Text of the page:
Gary Thomas explores the epistemology which shaped the development of special education in the early 20th century and demonstrates how this is changing. Drawing on Foucault’s arguments that knowledge is situated in place, time and culture, he shows how the influences of Social Darwinism, Psychometric testing and Scientism dominated early developments in special education. The social Darwinian notion that the ‘weakest’ should be bred out of the human population together with the belief that intelligence was innate, led to the view that the certain types of children should be kept apart from the mainstream. Psychometric testing claimed to provide a means of identifying levels of ‘intelligence’ at an early age, facilitating the segregation demanded of social Darwinism. Scientism or the belief in objective scientific methods to diagnose problems and produce solutions provided support for these approaches. However, Thomas argues that there is now a new episteme in which researchers and teachers are not called upon to deny their own experience and knowledge in order to be objective, but instead we now know that is it through our own knowledge that we can make sense of the experiences of others. The epistemic base that justified segregation, he suggests, has given way to new inclusive discourses of equity, social justice and opportunity for all.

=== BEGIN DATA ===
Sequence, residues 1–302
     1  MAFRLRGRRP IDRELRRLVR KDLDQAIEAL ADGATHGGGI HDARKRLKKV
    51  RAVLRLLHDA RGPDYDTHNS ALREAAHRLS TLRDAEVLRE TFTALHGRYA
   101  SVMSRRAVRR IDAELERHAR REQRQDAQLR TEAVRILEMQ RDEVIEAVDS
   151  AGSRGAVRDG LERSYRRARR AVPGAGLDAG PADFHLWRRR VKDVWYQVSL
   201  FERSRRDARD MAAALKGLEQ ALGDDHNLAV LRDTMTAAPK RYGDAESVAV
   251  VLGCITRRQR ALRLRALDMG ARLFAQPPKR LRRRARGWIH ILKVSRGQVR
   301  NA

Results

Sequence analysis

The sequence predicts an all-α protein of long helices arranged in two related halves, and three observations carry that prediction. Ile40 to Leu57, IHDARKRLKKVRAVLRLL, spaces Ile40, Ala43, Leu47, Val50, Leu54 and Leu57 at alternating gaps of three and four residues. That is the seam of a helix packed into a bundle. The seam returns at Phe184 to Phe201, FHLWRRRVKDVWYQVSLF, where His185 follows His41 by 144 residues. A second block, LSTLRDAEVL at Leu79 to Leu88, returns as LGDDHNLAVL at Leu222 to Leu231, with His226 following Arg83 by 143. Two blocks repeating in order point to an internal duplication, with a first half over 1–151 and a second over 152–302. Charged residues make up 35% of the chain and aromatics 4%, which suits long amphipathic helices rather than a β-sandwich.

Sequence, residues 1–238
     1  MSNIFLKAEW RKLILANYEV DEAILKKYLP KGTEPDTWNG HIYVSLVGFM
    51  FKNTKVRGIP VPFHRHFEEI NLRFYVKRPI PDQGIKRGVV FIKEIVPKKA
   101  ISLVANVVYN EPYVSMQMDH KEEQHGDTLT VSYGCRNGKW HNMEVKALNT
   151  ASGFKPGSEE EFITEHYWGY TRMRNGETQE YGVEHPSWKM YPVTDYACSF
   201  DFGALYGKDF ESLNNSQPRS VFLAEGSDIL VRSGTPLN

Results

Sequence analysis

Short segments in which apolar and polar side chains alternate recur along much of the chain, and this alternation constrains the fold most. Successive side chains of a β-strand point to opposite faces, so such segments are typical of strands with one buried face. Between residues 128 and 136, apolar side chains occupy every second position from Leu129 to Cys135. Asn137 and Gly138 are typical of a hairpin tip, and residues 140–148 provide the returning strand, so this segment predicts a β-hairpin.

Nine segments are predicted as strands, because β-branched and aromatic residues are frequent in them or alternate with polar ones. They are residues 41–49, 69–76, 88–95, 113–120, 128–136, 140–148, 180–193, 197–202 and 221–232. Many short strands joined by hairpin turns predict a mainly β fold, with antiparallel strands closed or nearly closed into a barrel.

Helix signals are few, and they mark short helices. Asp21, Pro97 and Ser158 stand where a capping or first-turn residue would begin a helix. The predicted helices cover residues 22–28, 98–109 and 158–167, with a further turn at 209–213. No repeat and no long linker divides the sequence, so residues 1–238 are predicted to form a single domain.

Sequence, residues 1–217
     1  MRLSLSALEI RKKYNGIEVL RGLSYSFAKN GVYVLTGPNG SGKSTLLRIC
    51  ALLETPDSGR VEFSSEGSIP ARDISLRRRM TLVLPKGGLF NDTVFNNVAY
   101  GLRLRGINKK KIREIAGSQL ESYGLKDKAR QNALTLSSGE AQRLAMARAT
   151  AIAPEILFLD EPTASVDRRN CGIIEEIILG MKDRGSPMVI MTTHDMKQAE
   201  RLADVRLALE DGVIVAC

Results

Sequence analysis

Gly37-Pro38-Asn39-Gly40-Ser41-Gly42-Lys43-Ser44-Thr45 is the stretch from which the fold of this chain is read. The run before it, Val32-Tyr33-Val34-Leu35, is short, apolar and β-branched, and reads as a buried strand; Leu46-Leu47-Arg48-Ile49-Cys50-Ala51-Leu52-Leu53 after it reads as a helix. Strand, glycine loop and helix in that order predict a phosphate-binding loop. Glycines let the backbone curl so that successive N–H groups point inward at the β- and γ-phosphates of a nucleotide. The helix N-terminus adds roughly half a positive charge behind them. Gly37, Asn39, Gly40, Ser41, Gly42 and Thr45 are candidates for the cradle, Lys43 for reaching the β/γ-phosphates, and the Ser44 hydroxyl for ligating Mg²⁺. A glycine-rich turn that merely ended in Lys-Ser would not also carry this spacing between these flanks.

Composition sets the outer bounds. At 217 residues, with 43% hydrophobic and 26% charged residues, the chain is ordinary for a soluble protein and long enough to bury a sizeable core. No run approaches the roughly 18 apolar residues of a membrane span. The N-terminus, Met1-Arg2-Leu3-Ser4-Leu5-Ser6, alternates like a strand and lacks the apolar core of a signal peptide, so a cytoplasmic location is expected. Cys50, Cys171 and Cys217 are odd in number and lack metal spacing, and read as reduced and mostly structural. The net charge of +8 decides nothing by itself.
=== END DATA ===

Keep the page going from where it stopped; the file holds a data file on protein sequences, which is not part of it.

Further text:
J.S. de Valenzuela draws from socio-cultural theory, in particular the work of Vygotsky to argue against the segregated provision for children with learning difficulties. Based on an understanding of the social origin of cognitive development (as opposed to individual factors such as innate intelligence), de Valenzuela argues that segregating certain groups results in them experiencing a less rich social and educational environment, and consequently opportunities are denied. She argues that socio-cultural theory has begun to seep into special needs education, for example through co-operative learning, but that much remains to be done to ensure that all children have the opportunity to learn through free association with others.
Louise Hayward also works with Vygotsky’s theories as she discusses the use of Assessment for Learning (AFL) as a pedagogical approach to enhance learning of all children. Unlike some forms of summative assessment which seek to categorise children, AFL is formative assessment which uses evidence to discern achievement and to inform the next steps in learning and in teaching without coding or grading. Learners, teachers and peers are central to the process. Hayward argues in this pedagogical model (which has been widely adopted in Scotland), that curriculum, pedagogy and assessment are closely linked and embedded in socio-cultural theories of learning.
In this short review, it is only possible to scratch the surface of the myriad of articles contained in the book, but these do serve to demonstrate the commonality of purpose within the book, albeit articulated from a wide range of theoretical, conceptual and practical perspectives. The book would be of interest to teachers, education students, academics and policy makers.
Published in Volume 21 Vulnerable Learners,